No. 566, April 30, 2007
The psychological climate in Swedish schools has hardened in later years, as in many western countries. Do our youth lack contact with parents, teachers and other adults? Swedish teachers say parents feel insecure in their parental role.
Canadian psychologist Gordon Neufeld and physician Gabor Maté discuss the issue in their book Hold On to Your Kids why parents need to matter more than peers. Neufeld is internationally acclaimed with 30 years of clinical experience working with children and parents. He draws knowledge from psychology as well as from neuroscience and anthropology.
Neufeld argues that in many parts of the world peers have, in an unfortunate way, replaced parents as the source of emotional support. Too little contact with parents and responsible adults in combination with a highly seductive youth culture have made peers the "family" rather than the parents.
This is no less true in Sweden. Young people today are in constant contact through modern technology, friends are important, parties without adults are preferred and on the Internet they have worlds unavailable to parents. But is this a problem? Isn’t it good that our youth live in a socially rich context?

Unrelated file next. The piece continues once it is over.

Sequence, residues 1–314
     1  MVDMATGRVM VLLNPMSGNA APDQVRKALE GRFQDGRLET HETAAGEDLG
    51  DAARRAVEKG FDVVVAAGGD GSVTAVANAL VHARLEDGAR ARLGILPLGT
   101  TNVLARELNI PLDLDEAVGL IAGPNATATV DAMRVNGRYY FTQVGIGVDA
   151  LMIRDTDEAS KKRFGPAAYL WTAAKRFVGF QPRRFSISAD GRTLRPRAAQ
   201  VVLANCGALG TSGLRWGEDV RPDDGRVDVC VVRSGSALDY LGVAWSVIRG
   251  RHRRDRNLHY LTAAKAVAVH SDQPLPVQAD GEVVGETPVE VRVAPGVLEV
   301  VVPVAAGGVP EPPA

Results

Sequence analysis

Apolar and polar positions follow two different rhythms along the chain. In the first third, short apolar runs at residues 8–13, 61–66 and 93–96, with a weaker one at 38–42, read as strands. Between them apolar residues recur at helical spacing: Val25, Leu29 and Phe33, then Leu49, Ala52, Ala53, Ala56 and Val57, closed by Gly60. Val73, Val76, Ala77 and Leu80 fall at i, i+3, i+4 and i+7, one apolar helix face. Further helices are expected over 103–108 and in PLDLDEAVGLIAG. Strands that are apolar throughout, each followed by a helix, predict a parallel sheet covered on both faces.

In the lives of today’s youth, friendships are inherently insecure, individuality is a threat and conformism is the rule in behavior and style, says Neufeld. As long as young people are primarily attached to their parents this is hardly a problem. Young people can easily heal the pains and disappointments from interacting with their peers by having their emotional support coming from their parents.
But when the primary emotional support comes from peers, then this becomes a problem. Through the attachment workings of the brain, parents and teachers are then often emotionally rejected, shows Neufeld. Young people become emotionally dependent on their peers at an age when they lack the maturity for such a responsibility. This emotionally insecure situation makes adolescence difficult and creates anxiety, aggression, bullying, learning difficulties and many other problems we see today.
Peer-oriented youth can often be re-attached to their parents, even if it takes some work. This in turn makes contact easier for other adults in the child’s life. Relationship is more important than behavior in everything we do with young people. We cannot afford to act in a way which weakens relationship, says Neufeld. Adult-attached youth do much better in both social and learning situations.
The conclusion from this highly interesting book is that teachers, mature adults and especially parents are far more important for today’s youth than we are often led to believe, and that the importance of peers seems somewhat overrated.
Creative regards! Jonas Himmelstrand
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